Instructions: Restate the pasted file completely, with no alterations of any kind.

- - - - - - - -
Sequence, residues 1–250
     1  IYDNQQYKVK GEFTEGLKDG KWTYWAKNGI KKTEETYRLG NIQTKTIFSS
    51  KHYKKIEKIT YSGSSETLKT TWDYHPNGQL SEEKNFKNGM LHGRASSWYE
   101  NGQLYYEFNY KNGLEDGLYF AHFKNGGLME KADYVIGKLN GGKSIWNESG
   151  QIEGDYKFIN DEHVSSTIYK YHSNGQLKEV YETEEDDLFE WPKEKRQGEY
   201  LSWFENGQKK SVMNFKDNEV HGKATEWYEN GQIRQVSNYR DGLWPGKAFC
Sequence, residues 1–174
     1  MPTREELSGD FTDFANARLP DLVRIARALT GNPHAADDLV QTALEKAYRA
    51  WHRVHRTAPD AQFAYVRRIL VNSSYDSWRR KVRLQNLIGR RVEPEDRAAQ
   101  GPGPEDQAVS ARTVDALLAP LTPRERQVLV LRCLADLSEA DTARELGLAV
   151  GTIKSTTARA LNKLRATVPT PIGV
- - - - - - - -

Sequence, residues 1–250
     1  IYDNQQYKVK GEFTEGLKDG KWTYWAKNGI KKTEETYRLG NIQTKTIFSS
    51  KHYKKIEKIT YSGSSETLKT TWDYHPNGQL SEEKNFKNGM LHGRASSWYE
   101  NGQLYYEFNY KNGLEDGLYF AHFKNGGLME KADYVIGKLN GGKSIWNESG
   151  QIEGDYKFIN DEHVSSTIYK YHSNGQLKEV YETEEDDLFE WPKEKRQGEY
   201  LSWFENGQKK SVMNFKDNEV HGKATEWYEN GQIRQVSNYR DGLWPGKAFC
Sequence, residues 1–174
     1  MPTREELSGD FTDFANARLP DLVRIARALT GNPHAADDLV QTALEKAYRA
    51  WHRVHRTAPD AQFAYVRRIL VNSSYDSWRR KVRLQNLIGR RVEPEDRAAQ
   101  GPGPEDQAVS ARTVDALLAP LTPRERQVLV LRCLADLSEA DTARELGLAV
   151  GTIKSTTARA LNKLRATVPT PIGV